A Preview of the Ziltevekimab ZEUS Clinical Trial


Study co-chair Paul Ridker, MD, shares details behind the new global assessment of the IL-6 inhibitor for patients with atherosclerosis and CKD.

Data derived from the CANTOS trial, in which canakinumab was assessed to treat patients with atherosclerotic disease and kidney dysfunction, has opened a new lane of assessment into patients with the comorbid disease.

In the second segment of an interview with HCPLive during the American College of Cardiology (ACC) 2022 Scientific Sessions in Washington, DC, study author Paul M. Ridker, MD, of Brigham and Women’s Hospital and Harvard Medical School, discussed the details of the new ZEUS trial—in which clinicians will assess a new clinical agent, ziltevekimab, for lowering atherosclerotic inflammatory biomarker.

“It’s only launching around the world right now,” Ridker, the ZEUS trial co-author, said. “It’ll ultimately be in about 16-17 countries—we’re in the middle of country launches as we speak—investigators are just getting used to the protocol.”

On the basis of CANTOS outcomes showing a heightened priority of treating residual inflammation over residual hypertension in patients with atherosclerosis and chronic kidney disease (CKD), the ZEUS trial patient population will include such patients who are on full-dose statins and report a high sensitivity-grade CRP score at baseline.

Patients will receive 15 mg ziltevekimab subcutaneously once-monthly or placebo, plus standard of care. Ridker and colleagues are seeking a primary endpoint of standard major adverse cardiovascular event (MACE) outcomes, plus “fascinating” secondary endpoints including speed of declining GFR and renal endpoints.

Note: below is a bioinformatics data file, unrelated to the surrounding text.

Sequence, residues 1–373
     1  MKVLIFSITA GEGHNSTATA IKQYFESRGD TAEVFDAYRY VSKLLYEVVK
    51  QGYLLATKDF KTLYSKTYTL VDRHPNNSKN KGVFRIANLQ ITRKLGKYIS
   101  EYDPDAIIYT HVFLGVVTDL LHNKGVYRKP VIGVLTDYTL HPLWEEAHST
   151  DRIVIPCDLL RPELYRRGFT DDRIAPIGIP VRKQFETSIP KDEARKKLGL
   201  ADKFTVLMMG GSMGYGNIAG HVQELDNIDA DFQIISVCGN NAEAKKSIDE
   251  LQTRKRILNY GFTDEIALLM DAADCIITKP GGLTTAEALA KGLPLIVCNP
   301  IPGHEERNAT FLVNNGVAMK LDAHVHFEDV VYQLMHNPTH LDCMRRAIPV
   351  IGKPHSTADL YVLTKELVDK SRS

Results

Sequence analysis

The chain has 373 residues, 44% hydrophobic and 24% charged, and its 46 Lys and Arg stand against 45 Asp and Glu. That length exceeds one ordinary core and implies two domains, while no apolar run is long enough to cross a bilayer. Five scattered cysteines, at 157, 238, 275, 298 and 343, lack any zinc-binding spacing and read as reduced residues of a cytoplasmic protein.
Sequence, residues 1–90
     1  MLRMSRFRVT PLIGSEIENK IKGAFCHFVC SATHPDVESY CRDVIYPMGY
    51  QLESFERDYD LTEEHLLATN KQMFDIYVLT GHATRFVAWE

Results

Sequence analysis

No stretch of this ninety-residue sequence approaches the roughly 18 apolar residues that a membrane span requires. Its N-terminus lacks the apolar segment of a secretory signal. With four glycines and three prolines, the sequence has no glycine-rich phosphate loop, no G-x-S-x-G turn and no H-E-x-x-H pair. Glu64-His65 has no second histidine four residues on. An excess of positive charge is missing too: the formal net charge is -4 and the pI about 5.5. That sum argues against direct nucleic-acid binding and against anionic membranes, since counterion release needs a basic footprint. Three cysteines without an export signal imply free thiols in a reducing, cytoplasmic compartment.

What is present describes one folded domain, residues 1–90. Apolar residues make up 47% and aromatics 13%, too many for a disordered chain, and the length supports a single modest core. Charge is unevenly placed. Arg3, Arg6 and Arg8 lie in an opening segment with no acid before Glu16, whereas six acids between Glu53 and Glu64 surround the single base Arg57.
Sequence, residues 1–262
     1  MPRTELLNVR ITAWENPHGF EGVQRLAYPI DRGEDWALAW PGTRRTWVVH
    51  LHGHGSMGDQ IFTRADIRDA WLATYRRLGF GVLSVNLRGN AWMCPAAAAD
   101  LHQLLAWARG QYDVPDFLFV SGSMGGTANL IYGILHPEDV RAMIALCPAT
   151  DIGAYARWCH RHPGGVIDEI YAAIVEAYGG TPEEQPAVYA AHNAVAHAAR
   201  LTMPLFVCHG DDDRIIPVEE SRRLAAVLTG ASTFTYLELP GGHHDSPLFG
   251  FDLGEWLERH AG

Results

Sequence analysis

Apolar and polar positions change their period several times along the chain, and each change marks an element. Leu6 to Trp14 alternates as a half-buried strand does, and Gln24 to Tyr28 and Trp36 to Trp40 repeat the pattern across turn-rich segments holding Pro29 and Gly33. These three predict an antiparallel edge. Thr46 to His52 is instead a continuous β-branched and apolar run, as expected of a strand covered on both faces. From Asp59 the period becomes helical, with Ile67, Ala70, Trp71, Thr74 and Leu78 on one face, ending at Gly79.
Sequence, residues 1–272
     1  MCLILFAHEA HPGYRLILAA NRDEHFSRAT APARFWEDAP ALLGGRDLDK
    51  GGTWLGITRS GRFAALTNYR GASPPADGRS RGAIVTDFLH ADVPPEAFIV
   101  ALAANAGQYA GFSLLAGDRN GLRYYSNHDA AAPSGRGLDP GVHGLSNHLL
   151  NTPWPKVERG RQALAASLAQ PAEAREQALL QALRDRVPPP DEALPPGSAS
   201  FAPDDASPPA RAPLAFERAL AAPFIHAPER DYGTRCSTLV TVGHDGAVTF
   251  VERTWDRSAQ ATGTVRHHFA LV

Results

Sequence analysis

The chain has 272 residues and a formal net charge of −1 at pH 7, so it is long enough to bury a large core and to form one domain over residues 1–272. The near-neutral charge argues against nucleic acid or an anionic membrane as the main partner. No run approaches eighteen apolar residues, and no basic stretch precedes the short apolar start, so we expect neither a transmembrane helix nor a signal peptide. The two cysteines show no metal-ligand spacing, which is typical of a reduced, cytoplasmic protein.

“Launching a clinical trial during COVID is kind of complicated,” Ridker said. “We’re all kind of exhausted, and what we’re discovering is we need clinicians and coordinators to dig deep and (realize) this is really important. Our patients with CKD are at high risk.”

Ridker also discussed the increasing marriages between specialties in cardiovascular-based outcome clinical trials. As he noted, it’s standard practice at Harvard to emphasize pathophysiology processes.

“We teach inflammation, we teach coagulation, which affects all organs,” Ridker explained. “And I think it’s going to be much more common as we move into the future that there will be these large clinical trials that might be focused on Part A, but is very aware of Part B.”

Case in point: he noted that CANTOS considered outcomes relevant to lung cancer biomarkers—and now canakinumab is being investigated for such a treatment indication.

“We have diabetologists we work with very close,” Ridker said. “I have rheumatologists I work with closely, because an inflammatory disease is going to affect many different organs, and we need to figure out a way to work together."

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